The problem with the DHCP still remains. So I extended the solution of the wifi channel and bssid saving and added the IP address, netmask and gateway after retrieving a DHCP lease for the first time. Note that this is not really a valid DHCP client implementation because it does not take the actual lease time into account. But it works fine and reduces the total time for one cycle of waking up, measuring, connecting to wifi and sending the data from about 16 seconds down to 4. That should save some energy.

struct {
  uint32_t crc32;
  uint8_t channel;
  uint8_t bssid[6];
  uint8_t padding; // everything to here is from the original blog post
  uint32_t ip;    // ip, netmask and gateway were added by me
  uint32_t netmask;
  uint32_t gateway;
} rtcData;


All those things are done to reduce the energy consumption. But I can’t really prove that it is really saving much. I don’t have the equipment nor the ability to measure how long my batteries will last - but a reduction from 16 to 4 seconds shouldn’t be too bad.

OpenHab items

Because I want to use the same firmware for all sensors without modifying it. I need some identifier for the sensor when it sends the data to OpenHab. For this identifier I chose the MAC address. The items for the sensors values in OpenHab are following the naming conventiones I adopted from the OpenHab documentation. So they can be easily identified throughout the system. What that means is, that they do not include a MAC address in their name. They are named something like GF_LivingRoom_Temperature.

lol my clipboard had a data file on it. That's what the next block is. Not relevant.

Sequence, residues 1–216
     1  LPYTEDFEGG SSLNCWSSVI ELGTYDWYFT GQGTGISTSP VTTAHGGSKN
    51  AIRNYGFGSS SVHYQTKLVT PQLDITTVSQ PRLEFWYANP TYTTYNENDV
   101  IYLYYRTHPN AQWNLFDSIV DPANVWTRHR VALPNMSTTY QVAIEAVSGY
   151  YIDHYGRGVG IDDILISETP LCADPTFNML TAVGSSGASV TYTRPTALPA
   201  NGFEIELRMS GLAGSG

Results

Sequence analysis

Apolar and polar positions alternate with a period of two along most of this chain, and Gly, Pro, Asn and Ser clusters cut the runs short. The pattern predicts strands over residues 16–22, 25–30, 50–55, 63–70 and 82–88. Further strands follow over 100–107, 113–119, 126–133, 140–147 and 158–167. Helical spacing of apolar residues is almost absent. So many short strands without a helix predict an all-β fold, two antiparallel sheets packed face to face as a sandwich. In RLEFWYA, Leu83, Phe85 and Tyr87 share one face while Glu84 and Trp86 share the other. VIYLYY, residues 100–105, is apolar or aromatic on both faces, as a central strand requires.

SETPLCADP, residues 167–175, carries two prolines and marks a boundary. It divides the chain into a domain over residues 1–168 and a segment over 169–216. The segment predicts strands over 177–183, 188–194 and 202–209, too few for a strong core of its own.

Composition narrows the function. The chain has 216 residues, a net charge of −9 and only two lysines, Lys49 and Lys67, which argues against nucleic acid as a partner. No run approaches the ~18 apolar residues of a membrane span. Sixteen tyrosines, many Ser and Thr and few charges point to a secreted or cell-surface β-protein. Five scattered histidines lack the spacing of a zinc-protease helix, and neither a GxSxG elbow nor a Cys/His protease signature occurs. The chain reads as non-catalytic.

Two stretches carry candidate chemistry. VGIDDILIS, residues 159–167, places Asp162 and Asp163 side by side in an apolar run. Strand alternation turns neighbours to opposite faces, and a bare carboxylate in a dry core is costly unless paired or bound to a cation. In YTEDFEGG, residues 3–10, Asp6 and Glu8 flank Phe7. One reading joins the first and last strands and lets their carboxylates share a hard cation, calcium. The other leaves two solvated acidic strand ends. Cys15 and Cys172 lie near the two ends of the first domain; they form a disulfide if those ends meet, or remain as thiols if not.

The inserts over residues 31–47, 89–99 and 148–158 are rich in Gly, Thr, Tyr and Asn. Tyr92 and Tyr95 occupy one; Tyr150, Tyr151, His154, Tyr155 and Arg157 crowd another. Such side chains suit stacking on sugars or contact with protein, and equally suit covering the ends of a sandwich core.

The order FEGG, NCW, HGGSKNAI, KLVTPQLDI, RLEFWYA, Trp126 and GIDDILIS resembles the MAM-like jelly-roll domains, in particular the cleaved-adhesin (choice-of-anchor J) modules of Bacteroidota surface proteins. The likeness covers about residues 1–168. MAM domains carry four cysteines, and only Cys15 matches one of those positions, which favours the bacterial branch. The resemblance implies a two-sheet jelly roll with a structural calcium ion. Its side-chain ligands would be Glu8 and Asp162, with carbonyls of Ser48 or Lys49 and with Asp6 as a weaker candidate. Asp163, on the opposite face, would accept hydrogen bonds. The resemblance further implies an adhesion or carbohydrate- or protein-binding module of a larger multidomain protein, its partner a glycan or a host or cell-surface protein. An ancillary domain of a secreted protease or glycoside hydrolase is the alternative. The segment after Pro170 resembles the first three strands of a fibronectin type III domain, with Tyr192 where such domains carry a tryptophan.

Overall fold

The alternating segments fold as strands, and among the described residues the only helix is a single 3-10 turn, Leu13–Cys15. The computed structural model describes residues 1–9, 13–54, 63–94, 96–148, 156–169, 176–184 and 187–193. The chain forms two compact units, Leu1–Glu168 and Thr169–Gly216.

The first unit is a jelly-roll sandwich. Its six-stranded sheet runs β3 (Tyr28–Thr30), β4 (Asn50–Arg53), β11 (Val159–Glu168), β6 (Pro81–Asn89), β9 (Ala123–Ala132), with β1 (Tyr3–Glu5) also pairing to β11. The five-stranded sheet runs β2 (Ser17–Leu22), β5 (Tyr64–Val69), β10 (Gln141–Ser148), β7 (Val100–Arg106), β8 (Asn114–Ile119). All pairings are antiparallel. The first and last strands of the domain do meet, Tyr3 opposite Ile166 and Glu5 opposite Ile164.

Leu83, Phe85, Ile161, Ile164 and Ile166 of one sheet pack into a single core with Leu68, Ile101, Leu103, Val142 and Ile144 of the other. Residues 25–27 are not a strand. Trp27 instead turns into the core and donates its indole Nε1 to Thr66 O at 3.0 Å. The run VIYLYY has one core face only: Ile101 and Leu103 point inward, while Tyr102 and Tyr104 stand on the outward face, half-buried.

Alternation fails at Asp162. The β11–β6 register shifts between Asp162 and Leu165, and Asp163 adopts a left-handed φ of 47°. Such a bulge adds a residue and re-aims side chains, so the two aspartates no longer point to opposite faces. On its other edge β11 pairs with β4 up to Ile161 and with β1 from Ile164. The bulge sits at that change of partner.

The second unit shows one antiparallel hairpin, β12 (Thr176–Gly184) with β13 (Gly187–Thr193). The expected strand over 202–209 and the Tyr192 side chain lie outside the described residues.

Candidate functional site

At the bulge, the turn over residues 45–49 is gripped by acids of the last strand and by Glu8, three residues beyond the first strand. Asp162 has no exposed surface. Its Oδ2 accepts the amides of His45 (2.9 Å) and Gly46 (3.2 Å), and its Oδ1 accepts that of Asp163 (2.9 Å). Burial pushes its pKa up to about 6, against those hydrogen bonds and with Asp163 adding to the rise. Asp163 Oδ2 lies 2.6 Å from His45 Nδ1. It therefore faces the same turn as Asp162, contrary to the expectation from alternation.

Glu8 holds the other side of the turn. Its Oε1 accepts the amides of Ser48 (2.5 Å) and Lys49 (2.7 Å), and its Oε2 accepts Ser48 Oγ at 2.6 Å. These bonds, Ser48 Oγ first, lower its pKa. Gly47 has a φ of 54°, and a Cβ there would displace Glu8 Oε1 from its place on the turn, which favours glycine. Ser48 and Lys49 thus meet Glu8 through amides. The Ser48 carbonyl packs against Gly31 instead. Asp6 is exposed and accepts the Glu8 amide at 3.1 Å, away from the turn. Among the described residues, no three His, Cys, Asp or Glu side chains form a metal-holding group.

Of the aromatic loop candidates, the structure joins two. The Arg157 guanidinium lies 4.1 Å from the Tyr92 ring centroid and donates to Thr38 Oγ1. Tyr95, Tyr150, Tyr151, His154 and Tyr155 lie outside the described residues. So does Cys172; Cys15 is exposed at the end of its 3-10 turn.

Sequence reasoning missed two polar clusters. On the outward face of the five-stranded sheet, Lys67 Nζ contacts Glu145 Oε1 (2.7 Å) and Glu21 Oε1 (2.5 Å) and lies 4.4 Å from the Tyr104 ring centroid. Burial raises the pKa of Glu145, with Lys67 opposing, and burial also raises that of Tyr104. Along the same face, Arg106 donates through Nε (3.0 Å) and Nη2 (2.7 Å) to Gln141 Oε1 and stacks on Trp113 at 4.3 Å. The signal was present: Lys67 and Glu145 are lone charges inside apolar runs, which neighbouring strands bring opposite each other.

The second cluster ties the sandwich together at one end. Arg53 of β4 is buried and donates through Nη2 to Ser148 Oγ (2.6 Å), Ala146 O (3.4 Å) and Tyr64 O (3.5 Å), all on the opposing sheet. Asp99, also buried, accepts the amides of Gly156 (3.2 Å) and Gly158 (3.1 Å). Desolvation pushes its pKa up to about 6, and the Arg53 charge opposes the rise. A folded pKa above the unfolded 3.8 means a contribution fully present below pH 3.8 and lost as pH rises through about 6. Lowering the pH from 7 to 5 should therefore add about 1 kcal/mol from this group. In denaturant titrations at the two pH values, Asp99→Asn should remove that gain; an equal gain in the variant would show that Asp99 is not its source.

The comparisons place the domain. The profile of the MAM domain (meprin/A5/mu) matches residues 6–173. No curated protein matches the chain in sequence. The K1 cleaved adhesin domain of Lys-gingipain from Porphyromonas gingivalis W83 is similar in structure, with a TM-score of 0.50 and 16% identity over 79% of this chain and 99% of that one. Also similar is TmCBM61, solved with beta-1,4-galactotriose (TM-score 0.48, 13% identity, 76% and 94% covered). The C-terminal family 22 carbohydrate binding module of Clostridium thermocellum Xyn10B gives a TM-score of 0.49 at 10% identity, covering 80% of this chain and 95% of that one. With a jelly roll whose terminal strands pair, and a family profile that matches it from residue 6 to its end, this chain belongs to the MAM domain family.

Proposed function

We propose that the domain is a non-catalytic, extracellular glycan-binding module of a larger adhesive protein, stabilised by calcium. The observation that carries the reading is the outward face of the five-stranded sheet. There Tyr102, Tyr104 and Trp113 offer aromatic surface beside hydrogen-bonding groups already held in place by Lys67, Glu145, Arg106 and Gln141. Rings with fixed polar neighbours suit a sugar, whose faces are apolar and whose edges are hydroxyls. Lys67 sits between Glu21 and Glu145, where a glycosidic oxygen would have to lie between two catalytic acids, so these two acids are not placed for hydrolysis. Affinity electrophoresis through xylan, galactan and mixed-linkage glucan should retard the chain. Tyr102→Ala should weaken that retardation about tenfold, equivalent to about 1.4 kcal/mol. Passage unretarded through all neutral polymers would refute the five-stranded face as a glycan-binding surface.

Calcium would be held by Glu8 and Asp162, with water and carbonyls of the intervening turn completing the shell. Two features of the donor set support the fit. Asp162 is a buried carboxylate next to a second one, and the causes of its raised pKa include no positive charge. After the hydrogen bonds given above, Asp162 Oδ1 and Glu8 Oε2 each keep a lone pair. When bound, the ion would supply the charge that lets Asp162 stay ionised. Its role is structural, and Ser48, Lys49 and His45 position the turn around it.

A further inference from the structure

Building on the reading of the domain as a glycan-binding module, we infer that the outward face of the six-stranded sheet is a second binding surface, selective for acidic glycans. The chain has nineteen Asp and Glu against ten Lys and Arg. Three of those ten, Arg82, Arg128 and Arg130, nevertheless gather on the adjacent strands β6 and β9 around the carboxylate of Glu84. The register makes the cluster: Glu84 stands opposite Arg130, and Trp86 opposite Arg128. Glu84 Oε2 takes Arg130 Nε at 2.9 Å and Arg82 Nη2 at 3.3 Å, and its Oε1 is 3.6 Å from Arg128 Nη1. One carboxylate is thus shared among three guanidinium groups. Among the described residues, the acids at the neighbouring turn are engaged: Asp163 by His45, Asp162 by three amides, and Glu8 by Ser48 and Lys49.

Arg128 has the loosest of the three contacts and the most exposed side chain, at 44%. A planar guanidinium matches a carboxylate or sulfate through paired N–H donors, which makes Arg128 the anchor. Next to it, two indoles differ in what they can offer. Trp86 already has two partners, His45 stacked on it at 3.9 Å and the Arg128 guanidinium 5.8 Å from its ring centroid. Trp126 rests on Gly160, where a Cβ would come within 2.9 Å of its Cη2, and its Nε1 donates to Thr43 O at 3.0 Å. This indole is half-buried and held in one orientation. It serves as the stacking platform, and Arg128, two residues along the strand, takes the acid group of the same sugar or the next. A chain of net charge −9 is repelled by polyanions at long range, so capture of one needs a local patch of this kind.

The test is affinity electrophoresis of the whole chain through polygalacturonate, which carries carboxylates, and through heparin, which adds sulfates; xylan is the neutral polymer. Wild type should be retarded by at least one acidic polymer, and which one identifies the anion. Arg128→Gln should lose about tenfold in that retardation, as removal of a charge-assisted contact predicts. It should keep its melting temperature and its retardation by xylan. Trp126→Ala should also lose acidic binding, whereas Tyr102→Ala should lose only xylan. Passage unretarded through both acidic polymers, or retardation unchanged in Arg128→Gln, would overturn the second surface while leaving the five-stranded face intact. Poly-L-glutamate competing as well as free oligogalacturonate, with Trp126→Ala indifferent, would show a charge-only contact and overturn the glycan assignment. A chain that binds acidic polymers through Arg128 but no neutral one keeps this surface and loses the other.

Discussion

So how can I update those items without adapting the firmware of each sensor?

Mapping MAC addresses to acutal items

The answer is, there must be some kind of mapping. I need to map the MAC address of the sensor to an actual item in OpenHab. The idea is to have an OpenHab item that corresponds to the MAC address of the sensor. This helper-item is then used to update the specific temperature or humidity item.

First thing I did was to create a group that contains all items that are only used to map values to another item. Why this is necessary you will see later. Then I created an item that has the MAC address in its name so it can be updated by the sensor over the OpenHab REST interface. In the items label I set the name of another OpenHab item - the one that should actually hold the value. So this establishes the mapping between MAC address and item that should be updated in OpneHab.

See the sample OpenHab items configuration file below.

// group that contains mapping items

// create item that maps the MAC address to the actual item.
// Note that this item has the gSensorMapping group assigned
Number  temperatureAABBCC112233	"GF_LivingRoom_Temperature"    (gSensorMapping)

// create the actual temperature item that should be used for everything within OpenHab
Number	GF_LivingRoom_Temperature	"Temperature [%.1f °C]"	<temperature>	(GF_LivingRoom)

After that, the mapping item (the first one) can be easily updated by the sensor using the REST interface and the sensors MAC address. This works without modifying the firmware for each sensor. The MAC address is just included in the REST url as the name of the item so the requested url looks something like this: + MAC_ADDRESS